Little LojaFebruary 22 in Ecuador
Our first stop in Ecuador was a small city in the south of the country called Loja, about eight and a half hours from Piura in Peru. Founded in 1548, the town is proud of being the oldest city in Ecuador. The climate, at 2060 metres above sea level, is cooler than the hot desert of northern Perú and with much greener vegetation. The border crossing at La Tina and Macara was straightforward and relaxed. Immigration officers did not seem to be too concerned about national or bio-security. Well, they let through two Australian itinerants and about eight other people with little hassle, only rummaging haphazardly through a couple of bags.
Once we crossed the border, this was when the real fun began. The bus went round and round the mountains, switchback after switchback. Within thirty minutes of the rollercoaster ride, we both started to suffer from motion sickness. Neither of us had ever experienced motion sickness before but then this bus ride was like nothing that we had experienced either. Ricky was almost concussed as the bus threw him from side to side and propelled him out the toilet door, hitting his head on the overhead compartment. This did nothing for the motion sickness. For four hours, we sat trying not to vomit and hoping for this journey from hell to end. Finally we arrived in Loja around 8:30pm and took a taxi to our hotel situated in the downtown area. Even at the hotel, we felt as if we had been taken out the washing machine after the turbo spin-cycle. A cup of tea and a lie down was in order, although the very, small double-bed could hardly fit two six-foot-plus guys.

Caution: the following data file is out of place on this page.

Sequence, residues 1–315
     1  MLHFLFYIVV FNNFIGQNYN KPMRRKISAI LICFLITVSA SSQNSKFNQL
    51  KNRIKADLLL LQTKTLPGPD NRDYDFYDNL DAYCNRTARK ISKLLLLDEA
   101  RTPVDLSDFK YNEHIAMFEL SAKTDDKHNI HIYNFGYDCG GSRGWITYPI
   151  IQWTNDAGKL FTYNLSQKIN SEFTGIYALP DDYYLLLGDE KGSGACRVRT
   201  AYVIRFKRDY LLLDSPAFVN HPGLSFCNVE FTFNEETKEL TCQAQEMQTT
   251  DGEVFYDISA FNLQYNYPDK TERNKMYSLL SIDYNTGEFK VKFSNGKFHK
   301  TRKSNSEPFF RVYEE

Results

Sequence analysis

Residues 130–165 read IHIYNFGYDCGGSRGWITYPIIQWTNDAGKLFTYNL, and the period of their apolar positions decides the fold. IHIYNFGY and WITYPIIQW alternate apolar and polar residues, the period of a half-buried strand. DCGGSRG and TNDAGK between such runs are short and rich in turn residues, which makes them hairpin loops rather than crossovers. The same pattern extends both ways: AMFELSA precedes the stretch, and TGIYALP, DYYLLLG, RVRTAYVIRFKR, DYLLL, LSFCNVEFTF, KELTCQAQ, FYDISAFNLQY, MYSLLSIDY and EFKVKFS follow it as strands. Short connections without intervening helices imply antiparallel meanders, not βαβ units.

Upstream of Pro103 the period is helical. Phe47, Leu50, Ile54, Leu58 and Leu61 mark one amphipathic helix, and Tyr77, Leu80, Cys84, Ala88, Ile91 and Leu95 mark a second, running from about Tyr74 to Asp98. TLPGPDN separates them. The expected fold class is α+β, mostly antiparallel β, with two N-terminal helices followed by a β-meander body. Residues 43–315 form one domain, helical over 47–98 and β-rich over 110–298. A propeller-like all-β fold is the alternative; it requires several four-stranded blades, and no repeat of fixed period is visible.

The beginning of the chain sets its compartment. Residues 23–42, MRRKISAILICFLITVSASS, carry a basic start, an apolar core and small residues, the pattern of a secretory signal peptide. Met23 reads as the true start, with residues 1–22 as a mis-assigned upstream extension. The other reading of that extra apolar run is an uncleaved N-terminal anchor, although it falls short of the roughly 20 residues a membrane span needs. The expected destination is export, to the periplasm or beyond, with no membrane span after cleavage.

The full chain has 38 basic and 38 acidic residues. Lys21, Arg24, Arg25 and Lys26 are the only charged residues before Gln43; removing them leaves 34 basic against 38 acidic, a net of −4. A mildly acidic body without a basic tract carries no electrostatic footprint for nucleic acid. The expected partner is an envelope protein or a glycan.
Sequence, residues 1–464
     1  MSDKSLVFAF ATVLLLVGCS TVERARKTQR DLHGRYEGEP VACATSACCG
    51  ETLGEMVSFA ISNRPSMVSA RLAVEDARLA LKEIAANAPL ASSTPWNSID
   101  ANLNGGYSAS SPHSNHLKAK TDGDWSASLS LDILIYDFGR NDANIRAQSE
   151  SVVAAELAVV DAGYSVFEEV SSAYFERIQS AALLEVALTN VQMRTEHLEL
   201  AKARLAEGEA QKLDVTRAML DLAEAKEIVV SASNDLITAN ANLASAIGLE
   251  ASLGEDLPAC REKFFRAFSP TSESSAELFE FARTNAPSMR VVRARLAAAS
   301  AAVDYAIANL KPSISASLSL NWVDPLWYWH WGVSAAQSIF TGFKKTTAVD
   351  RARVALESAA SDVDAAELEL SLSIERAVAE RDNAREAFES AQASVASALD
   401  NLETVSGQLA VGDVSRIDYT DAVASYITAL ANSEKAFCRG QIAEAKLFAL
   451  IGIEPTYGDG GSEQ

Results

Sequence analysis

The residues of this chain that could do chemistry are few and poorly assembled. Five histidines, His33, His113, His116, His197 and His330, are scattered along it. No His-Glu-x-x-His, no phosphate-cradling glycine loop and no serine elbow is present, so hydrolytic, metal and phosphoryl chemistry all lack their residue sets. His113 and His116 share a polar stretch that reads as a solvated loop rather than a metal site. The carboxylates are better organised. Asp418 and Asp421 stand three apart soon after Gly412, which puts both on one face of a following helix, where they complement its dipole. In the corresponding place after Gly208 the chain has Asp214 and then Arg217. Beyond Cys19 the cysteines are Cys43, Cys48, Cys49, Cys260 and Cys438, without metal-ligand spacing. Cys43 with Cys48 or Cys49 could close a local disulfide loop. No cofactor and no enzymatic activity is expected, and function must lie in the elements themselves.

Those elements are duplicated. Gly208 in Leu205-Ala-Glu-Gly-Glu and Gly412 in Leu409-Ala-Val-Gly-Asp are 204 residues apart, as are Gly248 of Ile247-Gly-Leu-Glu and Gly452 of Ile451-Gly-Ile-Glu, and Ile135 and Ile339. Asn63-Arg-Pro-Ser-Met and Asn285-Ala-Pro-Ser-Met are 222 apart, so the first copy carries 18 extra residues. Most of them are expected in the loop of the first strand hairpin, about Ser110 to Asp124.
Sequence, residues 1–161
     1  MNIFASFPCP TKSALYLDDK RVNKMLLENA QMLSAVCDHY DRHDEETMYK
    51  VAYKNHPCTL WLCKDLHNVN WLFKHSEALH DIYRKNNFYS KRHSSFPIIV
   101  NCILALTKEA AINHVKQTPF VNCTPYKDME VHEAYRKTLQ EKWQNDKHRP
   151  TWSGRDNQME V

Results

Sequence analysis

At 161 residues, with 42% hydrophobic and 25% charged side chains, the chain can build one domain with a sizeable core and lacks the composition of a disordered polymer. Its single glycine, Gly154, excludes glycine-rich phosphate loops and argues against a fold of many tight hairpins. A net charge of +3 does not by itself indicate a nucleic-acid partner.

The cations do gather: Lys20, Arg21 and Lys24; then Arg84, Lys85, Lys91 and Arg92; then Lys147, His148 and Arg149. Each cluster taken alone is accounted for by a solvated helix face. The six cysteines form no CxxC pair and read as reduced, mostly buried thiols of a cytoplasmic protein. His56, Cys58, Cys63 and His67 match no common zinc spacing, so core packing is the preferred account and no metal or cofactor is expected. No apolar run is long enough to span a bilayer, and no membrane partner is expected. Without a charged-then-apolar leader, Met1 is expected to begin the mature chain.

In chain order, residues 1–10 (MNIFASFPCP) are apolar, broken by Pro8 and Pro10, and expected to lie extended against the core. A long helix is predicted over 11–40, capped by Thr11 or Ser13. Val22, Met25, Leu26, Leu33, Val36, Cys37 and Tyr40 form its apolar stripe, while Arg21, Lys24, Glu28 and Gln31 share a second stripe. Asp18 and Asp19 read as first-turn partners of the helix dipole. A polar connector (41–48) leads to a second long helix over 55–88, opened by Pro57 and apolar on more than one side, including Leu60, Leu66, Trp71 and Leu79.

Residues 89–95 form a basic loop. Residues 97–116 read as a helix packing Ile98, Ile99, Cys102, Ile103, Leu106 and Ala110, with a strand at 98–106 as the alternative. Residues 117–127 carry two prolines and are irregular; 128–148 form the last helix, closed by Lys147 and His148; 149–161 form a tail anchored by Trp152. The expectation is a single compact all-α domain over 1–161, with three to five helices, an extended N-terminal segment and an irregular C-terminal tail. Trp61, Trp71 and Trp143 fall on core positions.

After a night's rest and recovering from the motion sickness, we set out to explore the downtown area. Much of the city seemed to be under construction with road works but at least the traffic didn't seem to be stuck in a game of Carmageddon trying to mow down pedestrians. The downtown area is filled with a number of plazas and colonial style buildings: Central Park, Cathedral of Loja, San Francisco Church and Park, San Sebastian Church and Simón Bolivar Park. The downtown area of the city is only small so it was easily traversed within a few hours.
We only intended to stop in Loja for a short period to break up the journey to the north of Ecuador and after two nights it was time to move on. As we checked out of the hotel, there seemed to be some confusion about the hotel bill. According to our reading of the booking information, the total amount should have been less than the requested amount. We have become accustomed to people trying to pull the wool over our eyes to take advantage of the ignorant tourist. We questioned the amount and after a few exchanges we were still no clearer on the difference. We left paying what we thought was the correct amount and which matched the advertised rates behind the check-in counter. It wasn't until later that we re-read our booking confirmation that we saw in small fine print that the taxes were excluded from the total costs. Once we became aware of our error, we contacted the hotel to apologise for the misunderstanding and asked how we could rectify the situation. However, their response made no sense to us, even after using Google Translate. So we are no closer to resolving the situation. The booking was in Jason’s name so we hope he isn't hauled off to an Ecuadorian prison to become the top dog's bitch.
Next stop: Cuenca.
For video footage, see: